Until recently, one-third Russians said they had no interest at all in Syria. Just 18 percent welcomed the idea of providing military support to Bashar al-Assad, according to a national survey this month by Levada Center pollsters.
Public opinion did not seem a significant factor in Vladimir Putin’s decision-making Wednesday: No sooner had the Russian president returned from his meetings and speech at the United Nations in New York then he asked the Russian senate to allow him to use the country’s military for foreign combat missions.
Yet not many understood the purpose and targets. “Here is what’s going on,” Aleksei Venediktov, editor in chief of Echo of Moscow radio, told listeners while broadcasting from New York. “There are two countries where ISIS is fighting. They cross two borders in Iraq and in Syria. Putin told us straight away, at the United Nations, about Iraq—that Iraqi authorities asked for its participation in the coalition because ISIS comes and goes from Iraq and back to Iraq, so the planes would fly to the Iraqi border. That is why the foreign countries are not specified.”
While senators voted in favor of the president’s decision, Echo of Moscow listeners had their own vote online. The vast majority—81 percent—did not approve of Russian military participation in Syria’s civil war. The idea of fighting in foreign countries has never been popular in Russia: Last February, more than 60 percent of Russians said they did not want their military involved in the war in eastern Ukraine.
“For now, a majority believe that this is not a war but a military operation. So far Russians have not thought of Syria much, [because they’re] feeling depressed about [their] economic decline, empty fridges,” Igor Bunin, president of the Center for Political Technologies think tank in Moscow, told The Daily Beast in an interview Wednesday. “Putin’s popularity depends on how soon people draw a conclusion that their personal wealth depends on the Syria events.”
The senators’ vote quickly inspired sarcastic jokes on social media: “Russian pensions fly to Syria.” Former finance minister Alexei Kudrin, one of the few people Putin has called his friend, predicted that in 2016 Russians would grow even poorer. “We have ended up in Zugzwang,” Kudrin told the Vedomosti newspaper, using a chess term—it means “When every move worsens the situation.”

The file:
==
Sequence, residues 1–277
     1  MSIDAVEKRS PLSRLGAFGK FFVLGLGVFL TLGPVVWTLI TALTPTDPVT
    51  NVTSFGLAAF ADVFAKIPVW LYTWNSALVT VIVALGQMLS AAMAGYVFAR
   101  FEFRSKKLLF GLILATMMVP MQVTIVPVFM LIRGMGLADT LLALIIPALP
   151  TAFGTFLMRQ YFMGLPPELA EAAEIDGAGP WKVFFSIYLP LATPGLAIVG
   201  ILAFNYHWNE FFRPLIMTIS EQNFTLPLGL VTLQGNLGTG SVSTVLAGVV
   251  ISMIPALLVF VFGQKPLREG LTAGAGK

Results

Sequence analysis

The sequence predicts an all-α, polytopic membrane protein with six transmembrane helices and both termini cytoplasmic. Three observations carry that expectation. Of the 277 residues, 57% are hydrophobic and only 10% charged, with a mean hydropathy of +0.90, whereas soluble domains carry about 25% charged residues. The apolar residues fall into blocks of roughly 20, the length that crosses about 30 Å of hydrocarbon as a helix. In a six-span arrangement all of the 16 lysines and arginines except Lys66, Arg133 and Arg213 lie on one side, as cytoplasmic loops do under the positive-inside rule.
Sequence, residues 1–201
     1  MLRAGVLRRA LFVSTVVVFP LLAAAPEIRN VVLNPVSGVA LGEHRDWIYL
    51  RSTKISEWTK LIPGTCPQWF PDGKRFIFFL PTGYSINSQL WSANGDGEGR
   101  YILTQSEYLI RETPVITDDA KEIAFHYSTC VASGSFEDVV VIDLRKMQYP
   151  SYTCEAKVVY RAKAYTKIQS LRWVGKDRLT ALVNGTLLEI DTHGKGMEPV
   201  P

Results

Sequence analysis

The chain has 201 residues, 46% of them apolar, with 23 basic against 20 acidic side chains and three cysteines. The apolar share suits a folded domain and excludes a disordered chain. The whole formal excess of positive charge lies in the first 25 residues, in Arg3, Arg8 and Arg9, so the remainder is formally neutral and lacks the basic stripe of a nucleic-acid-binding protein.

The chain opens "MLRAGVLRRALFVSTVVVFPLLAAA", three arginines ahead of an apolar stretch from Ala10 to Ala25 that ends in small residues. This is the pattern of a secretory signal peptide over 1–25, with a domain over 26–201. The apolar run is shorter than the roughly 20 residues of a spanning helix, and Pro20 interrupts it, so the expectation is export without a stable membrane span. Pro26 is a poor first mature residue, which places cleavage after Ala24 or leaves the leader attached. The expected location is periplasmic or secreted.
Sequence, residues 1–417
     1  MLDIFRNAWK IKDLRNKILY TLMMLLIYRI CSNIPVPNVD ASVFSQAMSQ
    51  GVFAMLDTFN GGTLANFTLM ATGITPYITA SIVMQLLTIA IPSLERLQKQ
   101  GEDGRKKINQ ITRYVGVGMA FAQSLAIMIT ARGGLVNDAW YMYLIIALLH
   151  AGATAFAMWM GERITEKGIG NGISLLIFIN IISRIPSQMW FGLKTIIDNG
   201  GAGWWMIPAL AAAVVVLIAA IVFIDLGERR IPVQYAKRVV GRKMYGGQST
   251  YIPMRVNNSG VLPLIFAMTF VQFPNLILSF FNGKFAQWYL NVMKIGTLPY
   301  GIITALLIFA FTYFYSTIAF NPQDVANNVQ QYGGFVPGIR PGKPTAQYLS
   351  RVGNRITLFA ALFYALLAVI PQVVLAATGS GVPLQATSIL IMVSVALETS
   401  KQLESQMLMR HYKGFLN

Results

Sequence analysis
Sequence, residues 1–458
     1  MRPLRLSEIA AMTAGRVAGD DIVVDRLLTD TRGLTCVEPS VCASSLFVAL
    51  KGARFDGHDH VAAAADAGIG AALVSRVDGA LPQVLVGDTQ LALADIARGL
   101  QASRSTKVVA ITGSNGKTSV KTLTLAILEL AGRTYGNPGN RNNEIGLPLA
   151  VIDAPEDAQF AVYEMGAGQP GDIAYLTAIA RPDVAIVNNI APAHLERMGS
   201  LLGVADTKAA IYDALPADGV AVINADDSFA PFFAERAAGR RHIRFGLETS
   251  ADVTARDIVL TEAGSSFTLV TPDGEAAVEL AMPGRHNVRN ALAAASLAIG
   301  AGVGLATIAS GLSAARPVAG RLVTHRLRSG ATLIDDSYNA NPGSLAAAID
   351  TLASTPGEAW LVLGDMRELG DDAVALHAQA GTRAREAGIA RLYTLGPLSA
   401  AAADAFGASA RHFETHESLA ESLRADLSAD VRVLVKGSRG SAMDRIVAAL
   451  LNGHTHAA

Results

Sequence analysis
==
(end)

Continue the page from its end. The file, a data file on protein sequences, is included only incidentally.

Among the nation’s 20 million Muslims, many were thinking more about Syria than the average Russian, Bunin told The Daily Beast. “Over 3,000 Russian citizens are fighting in Syria right now; Russian Muslims are divided in their opinion on Syria issues, between those who support Assad or ISIS or other groups fighting in the Middle East,” Bunin said. Most Russian citizens who have defected to the self-declared Islamic State have come from the Northern Caucasus republic, which experts have dubbed “ISIS’s province” since the terror group claimed responsibility for attacking a Russian military base in Dagestan.
Did Russian Muslims need more explanations about Putin’s intentions?
“People do not understand who Russian aviation is going to bomb in Syria. We see that the situation in Syria is very complicated, that Assad is fighting against several groups, not just ISIS. It is unclear if Russia is going to fight against all Assad’s enemies or just against ISIS,” Idris Yusupov, an expert on Islam and an independent observer in Dagestan, told The Daily Beast.
Events unfolded at head-spinning speed. By 3:30 p.m. in Moscow, Putin comforted television viewers by saying that Russia was not going to “plunge into this conflict head-on.” By 4 p.m., a defense ministry spokesman announced that Russian pilots conducted their first airstrikes in Syria.
“Our authorities always ignore what people think, the less we know about what they are doing in Syria the better, it seems,” Aleksanda Sedelnikova, a Nizhny Novgorod pediatrician told The Daily Beast. The first memories that came to Sedelnikova’s mind as soon as she heard of the senate’s decision were of “Black Tulips”—the dark nickname for the planes that brought dead Russian soldiers back from Afghanistan in the 1980s.
“I thought of a line from a famous song about Black Tulips, ‘Once again we bring our heroes back to motherland / to dig up graves for 20 year olds.’”